Finding opportunities in an environment of rising inflationary risk and growth concerns

Unlike 2021 where equities rose and fixed income declined, 2022 has so far witnessed much volatility across both asset classes. The reasons for such an environment are not only because of geopolitical tensions and inflationary risk, but also rising investor concerns over potential recession as the peak of growth momentum seems to be behind us.

In the case of equities, we believe that uncertainties around earnings may not have been fully reflected in valuations while discount rates are at best stable, making the asset class less attractive. Elsewhere, our cyclical models are pointing to a shift into the "slowdown" phase which is typically the most challenging phase of the cycle for equities. Nonetheless, we do find bright spots within equities, particularly in China, where the country looks to be turning a corner on lockdowns, and that should in turn, ease some of the supply bottleneck pressure. To add on, the headwinds from regulatory actions on the tech sector, property curbs and monetary policy are showing signs of easing. As such, we have started to turn more positive on China.

Moving onto fixed income, the market has experienced a significant sell-off this year. We maintain our neutral view on bonds. Looking at previous “slowdown” phases, bonds typically start to perform well as investors adjust to a weaker growth outlook. The challenge this time round is that, with inflationary pressure set to remain high, we are unlikely to get a reversal in monetary policy over a short period of time, meaning that investors require higher yields to compensate them for the potential volatility. With the market expecting global central banks to be more aggressive in raising interest rates and tightening liquidity to bring down inflation, we are staying cautious on bond duration to minimise the impact from changes in interest rates.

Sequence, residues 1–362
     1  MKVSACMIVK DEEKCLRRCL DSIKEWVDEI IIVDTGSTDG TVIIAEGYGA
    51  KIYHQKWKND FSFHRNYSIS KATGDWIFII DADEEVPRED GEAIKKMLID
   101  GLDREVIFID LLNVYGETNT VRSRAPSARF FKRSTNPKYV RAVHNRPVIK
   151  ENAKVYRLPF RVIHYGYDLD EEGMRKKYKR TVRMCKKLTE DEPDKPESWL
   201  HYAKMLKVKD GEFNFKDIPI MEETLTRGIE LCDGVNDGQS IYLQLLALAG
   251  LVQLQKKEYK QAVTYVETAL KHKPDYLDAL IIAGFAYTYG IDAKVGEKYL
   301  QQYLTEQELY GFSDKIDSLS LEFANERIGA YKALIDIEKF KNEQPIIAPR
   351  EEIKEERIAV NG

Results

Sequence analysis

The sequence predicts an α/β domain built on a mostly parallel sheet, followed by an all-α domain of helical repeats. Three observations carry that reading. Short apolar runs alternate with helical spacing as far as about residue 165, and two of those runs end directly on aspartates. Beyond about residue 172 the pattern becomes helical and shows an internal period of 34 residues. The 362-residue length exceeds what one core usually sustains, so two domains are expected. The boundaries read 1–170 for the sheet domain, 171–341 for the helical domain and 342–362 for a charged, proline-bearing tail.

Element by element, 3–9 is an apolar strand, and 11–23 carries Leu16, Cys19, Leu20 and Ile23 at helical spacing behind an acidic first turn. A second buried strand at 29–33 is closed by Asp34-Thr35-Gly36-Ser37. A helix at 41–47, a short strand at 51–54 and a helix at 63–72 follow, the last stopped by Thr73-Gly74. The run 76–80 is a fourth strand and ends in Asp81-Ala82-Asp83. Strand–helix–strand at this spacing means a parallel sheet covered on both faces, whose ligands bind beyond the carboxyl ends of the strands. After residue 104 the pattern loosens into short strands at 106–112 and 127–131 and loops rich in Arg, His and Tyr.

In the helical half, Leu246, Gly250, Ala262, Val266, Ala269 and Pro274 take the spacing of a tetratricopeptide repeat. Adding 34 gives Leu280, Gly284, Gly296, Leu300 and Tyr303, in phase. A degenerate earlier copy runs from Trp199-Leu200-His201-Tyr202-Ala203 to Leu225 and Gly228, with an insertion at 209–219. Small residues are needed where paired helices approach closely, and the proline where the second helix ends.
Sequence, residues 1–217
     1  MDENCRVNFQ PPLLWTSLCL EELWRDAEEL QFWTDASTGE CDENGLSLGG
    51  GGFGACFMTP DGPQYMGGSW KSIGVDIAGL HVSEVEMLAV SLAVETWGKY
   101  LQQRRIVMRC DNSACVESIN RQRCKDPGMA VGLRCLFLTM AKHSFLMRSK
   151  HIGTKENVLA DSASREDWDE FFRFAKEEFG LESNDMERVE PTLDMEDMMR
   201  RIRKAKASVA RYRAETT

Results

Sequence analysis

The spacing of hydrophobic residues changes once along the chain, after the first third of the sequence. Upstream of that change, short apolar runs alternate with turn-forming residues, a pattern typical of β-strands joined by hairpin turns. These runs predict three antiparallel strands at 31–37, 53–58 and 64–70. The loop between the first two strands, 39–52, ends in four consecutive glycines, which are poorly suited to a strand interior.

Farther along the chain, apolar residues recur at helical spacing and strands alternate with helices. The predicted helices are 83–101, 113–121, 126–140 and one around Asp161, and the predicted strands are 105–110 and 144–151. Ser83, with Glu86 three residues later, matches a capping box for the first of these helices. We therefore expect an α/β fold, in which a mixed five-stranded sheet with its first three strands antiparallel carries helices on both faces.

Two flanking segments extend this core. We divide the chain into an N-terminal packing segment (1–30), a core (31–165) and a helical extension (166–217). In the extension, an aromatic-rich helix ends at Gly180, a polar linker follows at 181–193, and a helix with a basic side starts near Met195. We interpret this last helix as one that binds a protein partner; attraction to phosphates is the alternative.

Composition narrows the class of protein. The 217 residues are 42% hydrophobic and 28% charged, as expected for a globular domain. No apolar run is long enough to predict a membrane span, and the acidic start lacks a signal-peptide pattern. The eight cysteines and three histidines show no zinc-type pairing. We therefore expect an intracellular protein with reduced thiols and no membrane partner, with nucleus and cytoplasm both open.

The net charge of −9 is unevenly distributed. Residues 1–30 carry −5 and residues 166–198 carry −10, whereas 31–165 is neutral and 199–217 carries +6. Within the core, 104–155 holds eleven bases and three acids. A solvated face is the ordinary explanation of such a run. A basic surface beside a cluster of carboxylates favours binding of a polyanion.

Investment tip: Choosing your fund for retirement

There is a wide range of investment choices across different asset classes and markets. Generally speaking, the higher the equity portion is in a fund, the more volatility an investor may experience. If a fund is invested in a single market, it is also likely to be more volatile compared to one that’s invested in multiple markets in a region or globally. 

There is no winning formular in choosing the right fund. It comes down to an investor’s investment perspective, personal preferences and risk tolerance level. Investment horizon has a role to play in the risk level that an investor may take. The longer the investment horizon, the more “time” there is for the investment to recover from short-term declines, hence providing room for an investor to consider choosing a more aggressive fund.

Investors are reminded to review their portfolio periodically so that it reflects their latest tolerance level. Remember, retirement investing is a long journey, investors should try best to resist the temptation to switch in between investments frequently to minimise the chances of buying high and selling low.

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